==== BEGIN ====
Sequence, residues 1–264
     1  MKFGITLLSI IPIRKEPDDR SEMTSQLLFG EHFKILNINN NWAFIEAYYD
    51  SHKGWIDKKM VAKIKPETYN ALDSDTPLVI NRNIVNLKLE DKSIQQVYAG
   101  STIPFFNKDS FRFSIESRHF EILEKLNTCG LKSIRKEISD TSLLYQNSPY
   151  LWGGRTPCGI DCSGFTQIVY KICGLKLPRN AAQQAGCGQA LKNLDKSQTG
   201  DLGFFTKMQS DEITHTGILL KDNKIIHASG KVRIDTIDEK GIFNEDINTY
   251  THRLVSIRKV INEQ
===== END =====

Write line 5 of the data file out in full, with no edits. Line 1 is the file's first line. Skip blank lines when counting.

   151  LWGGRTPCGI DCSGFTQIVY KICGLKLPRN AAQQAGCGQA LKNLDKSQTG